1. Case study as a course of action

In addition to the qualitative approach, the focus on individual case studies is also characteristic of our research projects. And just as with the conscious choice of the qualitative paradigm as the basis for our inquiry, this decision was not accidental. It is also where our understanding of the world and education manifests itself.

This is because case study analysis is based both on a recognition of the diversity that exists in the world and on a search for common ground in that diversity. When conducting research in different schools, in different countries and on different continents, we are aware that we will find different local conditions, different experiences and different protagonists in our stories – students, parents, teachers. The world, also in terms of education, is incredibly diverse and in this diversity lies its strength. This does not change the fact that we are all human, and global networks of interconnectedness mean that we have more and more in common with one another. Therefore, when conducting our research at the Holistic Think Tank and analysing the diversity of the world, we do not so much focus on what divides us, but rather on what unites us.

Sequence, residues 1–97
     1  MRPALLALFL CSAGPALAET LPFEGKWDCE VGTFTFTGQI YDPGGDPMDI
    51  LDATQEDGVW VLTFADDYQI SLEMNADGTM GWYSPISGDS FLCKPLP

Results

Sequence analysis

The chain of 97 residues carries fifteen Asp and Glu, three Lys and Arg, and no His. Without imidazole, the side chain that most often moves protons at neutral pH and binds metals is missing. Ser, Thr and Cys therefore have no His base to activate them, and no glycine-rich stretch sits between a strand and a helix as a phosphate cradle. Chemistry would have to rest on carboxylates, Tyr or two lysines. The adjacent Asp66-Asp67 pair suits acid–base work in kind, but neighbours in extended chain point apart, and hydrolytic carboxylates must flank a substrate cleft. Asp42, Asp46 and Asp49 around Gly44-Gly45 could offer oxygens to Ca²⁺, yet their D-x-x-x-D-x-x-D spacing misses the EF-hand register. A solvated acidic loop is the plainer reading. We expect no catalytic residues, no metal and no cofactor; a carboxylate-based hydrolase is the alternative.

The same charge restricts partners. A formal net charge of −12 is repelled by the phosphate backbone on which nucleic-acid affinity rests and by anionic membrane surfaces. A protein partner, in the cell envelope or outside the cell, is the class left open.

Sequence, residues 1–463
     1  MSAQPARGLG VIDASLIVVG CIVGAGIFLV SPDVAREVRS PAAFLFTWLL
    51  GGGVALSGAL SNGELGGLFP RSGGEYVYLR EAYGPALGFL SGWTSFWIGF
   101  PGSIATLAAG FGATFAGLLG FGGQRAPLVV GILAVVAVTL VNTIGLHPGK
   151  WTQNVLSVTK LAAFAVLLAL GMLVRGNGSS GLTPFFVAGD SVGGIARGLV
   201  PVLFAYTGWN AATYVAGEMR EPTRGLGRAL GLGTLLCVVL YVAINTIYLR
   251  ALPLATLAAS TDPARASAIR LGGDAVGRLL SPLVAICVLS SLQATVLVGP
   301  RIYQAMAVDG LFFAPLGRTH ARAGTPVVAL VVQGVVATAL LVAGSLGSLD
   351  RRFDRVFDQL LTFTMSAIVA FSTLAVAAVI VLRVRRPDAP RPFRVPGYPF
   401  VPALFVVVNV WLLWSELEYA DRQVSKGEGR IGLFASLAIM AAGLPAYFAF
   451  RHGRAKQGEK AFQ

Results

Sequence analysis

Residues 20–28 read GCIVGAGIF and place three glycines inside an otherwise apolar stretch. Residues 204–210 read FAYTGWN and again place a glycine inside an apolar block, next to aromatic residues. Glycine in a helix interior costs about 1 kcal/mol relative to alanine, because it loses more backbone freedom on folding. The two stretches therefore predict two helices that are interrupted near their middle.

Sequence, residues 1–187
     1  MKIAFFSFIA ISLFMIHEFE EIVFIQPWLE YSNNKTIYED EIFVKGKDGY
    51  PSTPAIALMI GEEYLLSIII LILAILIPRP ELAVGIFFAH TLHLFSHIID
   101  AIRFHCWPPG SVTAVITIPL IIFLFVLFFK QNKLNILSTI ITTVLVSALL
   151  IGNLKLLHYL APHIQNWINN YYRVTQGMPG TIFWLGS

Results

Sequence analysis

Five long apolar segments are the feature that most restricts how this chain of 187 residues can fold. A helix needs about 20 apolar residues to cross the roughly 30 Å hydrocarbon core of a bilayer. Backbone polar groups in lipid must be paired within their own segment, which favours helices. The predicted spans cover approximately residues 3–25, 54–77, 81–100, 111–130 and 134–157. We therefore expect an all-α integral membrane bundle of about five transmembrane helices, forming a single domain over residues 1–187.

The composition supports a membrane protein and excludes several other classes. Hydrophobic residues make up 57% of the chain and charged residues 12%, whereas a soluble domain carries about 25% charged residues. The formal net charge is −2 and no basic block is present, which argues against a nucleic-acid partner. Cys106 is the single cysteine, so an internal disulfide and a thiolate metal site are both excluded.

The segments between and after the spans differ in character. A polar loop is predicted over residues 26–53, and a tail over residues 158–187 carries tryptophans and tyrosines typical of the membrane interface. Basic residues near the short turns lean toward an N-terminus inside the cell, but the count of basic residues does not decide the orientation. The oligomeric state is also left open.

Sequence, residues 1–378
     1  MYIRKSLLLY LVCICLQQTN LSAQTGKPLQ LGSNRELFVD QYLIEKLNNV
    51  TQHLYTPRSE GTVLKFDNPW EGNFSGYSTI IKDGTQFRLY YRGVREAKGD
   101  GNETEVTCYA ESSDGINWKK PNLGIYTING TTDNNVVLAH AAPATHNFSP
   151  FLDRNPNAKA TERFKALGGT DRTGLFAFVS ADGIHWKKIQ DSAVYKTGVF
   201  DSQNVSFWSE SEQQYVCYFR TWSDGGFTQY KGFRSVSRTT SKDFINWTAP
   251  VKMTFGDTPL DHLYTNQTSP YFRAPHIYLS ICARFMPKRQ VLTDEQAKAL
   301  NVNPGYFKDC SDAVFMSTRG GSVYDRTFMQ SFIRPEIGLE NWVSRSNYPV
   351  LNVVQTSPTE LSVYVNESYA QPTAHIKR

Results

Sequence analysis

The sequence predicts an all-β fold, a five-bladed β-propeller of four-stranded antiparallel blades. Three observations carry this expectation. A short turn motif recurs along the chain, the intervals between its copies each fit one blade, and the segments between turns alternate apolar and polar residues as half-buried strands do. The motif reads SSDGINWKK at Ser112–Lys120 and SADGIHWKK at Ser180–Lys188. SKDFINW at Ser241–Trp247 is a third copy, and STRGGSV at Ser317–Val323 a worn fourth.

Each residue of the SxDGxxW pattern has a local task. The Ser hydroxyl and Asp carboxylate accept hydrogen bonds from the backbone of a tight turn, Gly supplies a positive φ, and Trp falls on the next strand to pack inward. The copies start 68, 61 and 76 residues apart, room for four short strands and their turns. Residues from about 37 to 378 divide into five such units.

This also expresses our global aspiration that the change we propose should be holistic. The diversity I mentioned is something we look for both in our own backyard and by going far beyond it and studying school environments around the world.

Focusing on what unites rather than on what divides does not mean that we are trying to strip the world of diversity – it is in fact quite the opposite. The case study approach is a affirming approach to individuality, with each case providing value in its own right. Understanding each school environment in which our researchers will appear brings us closer to understanding the school as such, knowing each education system in which these schools operate increases our chances of finding good solutions that we would like to share with the world.